Junior Isles, Managing Editor

The newspaper headlines of “technical problems” with Alstom Power’s advanced turbines initially brought a sense of déjà vu. My first thoughts were ‘here we go again’, as I recalled memories of the problems GE encountered in the early 1990s when the first Frame 9Fs began commercial operation. If GE had had its problems, perhaps now it was Alstom’s turn.

Certainly all new technology encounters teething problems which often do not manifest themselves until they are run for extended periods in the field. However, it is how manufacturers ‘anticipate’ and solve these problems that is all-important.

The Alstom problem has arisen with the uprated B version of its GT26/24 gas turbines introduced a few years ago – the first of which are now in the field. Some 60-odd of the uprated version have been sold in addition to the 20 or so, of the A version. The A version has been ‘problem free’ as such.

But as Jim Thompson, marketing director of Alstom Power’s gas turbine and combined cycle division explained: “There isn’t a gas turbine on the face of the Earth that hasn’t had a bug here or there. The important issue is how quickly we can fix them and minimize the impact on our customers. We’ve already put into service a fix for the issue which was referred to in the recent market statement.”

The source of the problem has been traced to the second stage of the low pressure turbine — the GT26/24 turbines use a sequential combustion system with two turbine sections. Above the rotating row-two stage of the LP turbine, there is a honeycomb sealing system and a heat shield system. On analysis, Alstom found temperatures which were higher than those calculated in the design. This called for cooling modifications in that area.

A fix is now in place on the first machines which are now up and running again. Modified cooling parts have been installed at the Enfield (UK), Agawam (USA) and Monterrey (Mexico) power plants. According to Alstom, early assessments indicate that the fix has worked.

The costs of the fix are associated with the cost of opening up the machine and putting it back together. Although these are minor, the real cost will be from the impact of delays in customers’ commissioning and operating schedules. Alstom expects to have a firm estimate on these costs by November.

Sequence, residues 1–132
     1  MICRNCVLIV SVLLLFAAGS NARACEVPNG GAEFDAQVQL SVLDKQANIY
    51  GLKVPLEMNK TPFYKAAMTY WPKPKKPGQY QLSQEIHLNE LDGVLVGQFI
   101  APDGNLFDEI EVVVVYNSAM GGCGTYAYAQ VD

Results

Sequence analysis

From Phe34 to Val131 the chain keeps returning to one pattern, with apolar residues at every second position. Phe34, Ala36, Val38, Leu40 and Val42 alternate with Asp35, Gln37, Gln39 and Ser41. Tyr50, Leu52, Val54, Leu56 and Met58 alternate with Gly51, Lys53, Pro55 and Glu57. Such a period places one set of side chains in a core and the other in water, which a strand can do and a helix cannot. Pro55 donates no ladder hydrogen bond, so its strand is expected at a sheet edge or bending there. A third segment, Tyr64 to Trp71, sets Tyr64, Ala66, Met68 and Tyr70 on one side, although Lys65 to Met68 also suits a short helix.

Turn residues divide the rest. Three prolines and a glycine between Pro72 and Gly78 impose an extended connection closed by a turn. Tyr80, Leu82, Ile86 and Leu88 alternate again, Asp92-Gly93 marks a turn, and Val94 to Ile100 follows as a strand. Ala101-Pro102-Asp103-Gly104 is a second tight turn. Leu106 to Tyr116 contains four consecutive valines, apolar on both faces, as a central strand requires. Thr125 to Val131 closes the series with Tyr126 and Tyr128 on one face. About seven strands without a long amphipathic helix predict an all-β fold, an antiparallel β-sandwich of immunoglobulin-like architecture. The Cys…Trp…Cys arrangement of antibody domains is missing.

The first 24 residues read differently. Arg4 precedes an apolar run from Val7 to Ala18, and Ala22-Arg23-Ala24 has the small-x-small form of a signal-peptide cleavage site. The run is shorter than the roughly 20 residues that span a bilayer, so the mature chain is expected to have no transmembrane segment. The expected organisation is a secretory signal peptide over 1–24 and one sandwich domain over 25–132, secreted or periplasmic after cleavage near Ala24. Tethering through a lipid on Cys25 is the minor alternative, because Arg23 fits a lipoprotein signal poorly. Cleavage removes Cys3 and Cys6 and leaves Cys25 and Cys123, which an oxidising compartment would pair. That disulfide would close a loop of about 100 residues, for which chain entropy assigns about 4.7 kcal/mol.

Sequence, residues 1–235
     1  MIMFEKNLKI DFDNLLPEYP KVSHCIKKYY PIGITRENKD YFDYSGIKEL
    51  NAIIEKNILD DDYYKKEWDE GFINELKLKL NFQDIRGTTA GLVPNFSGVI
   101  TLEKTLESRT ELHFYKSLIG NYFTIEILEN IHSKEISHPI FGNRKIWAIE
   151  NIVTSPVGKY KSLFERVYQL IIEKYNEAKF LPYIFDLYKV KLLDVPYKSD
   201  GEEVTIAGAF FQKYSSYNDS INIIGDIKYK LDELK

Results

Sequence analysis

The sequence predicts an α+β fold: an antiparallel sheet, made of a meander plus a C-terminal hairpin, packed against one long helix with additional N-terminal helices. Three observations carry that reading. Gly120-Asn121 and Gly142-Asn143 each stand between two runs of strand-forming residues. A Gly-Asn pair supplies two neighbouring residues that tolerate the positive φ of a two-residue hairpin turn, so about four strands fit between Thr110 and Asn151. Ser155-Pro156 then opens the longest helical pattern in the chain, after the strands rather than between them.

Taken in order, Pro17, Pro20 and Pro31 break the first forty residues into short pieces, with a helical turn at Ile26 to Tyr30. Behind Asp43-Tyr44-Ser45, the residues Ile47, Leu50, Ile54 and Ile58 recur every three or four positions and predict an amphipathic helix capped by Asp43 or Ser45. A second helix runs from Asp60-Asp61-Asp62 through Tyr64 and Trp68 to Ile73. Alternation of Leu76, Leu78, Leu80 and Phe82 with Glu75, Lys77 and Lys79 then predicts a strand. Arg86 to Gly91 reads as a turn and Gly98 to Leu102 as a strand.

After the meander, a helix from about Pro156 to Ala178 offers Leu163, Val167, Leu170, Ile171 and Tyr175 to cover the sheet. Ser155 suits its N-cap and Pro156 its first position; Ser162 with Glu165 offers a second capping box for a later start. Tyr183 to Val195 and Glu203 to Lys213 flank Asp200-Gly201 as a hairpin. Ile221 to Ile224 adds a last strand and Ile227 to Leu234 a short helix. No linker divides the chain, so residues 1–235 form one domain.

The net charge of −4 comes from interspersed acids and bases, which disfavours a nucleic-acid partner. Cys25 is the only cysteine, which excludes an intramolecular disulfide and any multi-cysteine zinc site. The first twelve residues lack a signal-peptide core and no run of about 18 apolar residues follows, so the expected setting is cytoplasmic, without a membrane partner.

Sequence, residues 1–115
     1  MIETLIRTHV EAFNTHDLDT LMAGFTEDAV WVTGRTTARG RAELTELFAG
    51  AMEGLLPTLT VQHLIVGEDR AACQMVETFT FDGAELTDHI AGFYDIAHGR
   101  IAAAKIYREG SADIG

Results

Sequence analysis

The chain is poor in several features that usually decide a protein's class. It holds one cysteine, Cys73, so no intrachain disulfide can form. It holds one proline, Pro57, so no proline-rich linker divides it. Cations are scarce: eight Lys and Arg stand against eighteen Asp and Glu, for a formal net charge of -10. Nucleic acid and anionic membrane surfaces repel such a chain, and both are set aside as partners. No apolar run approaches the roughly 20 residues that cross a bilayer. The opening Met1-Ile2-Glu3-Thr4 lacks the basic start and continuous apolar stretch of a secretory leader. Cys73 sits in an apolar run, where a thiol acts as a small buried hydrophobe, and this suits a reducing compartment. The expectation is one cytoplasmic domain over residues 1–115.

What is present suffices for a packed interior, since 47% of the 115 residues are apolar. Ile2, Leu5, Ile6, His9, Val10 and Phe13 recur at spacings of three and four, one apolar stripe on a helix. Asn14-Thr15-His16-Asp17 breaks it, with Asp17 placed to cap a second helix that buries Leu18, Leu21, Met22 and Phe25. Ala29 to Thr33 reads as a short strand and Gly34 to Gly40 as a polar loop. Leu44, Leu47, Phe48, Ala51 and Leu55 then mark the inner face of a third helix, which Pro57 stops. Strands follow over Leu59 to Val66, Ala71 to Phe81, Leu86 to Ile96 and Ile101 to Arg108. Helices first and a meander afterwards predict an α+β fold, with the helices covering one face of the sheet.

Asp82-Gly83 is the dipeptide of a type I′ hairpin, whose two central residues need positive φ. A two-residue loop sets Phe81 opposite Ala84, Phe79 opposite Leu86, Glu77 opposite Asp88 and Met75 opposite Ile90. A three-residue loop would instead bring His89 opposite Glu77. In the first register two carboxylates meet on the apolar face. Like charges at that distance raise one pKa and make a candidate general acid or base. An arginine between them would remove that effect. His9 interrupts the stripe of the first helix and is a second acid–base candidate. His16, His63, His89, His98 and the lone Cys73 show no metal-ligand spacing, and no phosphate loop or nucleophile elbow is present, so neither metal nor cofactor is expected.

Fortunately for Alstom it was a quick fix, so costs associated with delays should be kept to a minimum. “The time it took from identifying the problem to getting the machines back on line was pretty short — just a couple of months. The [temperature] issue was discovered at Agawam at the end of June. By the first week of August we had the modification implemented in the first machine,” said Jonathan Lloyd, GT24/26 product manager.

It is perhaps slightly unfortunate, however, that this issue has arisen when the company is beginning to get marked success in the ballooning US market. It has seen a number of orders for GT24s over the last nine months in a market which is largely dominated by GE and Siemens Westinghouse.

But markets like the US, where turbines cannot be installed fast enough, are part of the reason why we will continue to see generators experience debugging issues in the field. Bringing products to market quickly can sometimes involve a manufacturer taking risks with some components.

To expect a unit to undergo full extended periods of testing in this increasingly competitive environment is perhaps no longer realistic. Manufacturers will therefore have to find other ways of bringing products to market quickly while minimizing risk. According to Alstom, a key reason why it was able to instigate a quick fix was because it had made design allowances in certain components which allowed the machine to still be put into production quickly.

No doubt anyone with a long enough memory will have learned from those early GE experiences and turbine manufacturers will be all the wiser for it. On the customer side there will also be more information available as industry user groups are established such as the one formed by DERA and the Boyce Consultancy (see page 15).

Anyway enough of gas turbine memories. With this issue of PEi put to bed, at last it’s time to reflect on some far more interesting memories — a recent holiday (with the boys) in Barbados.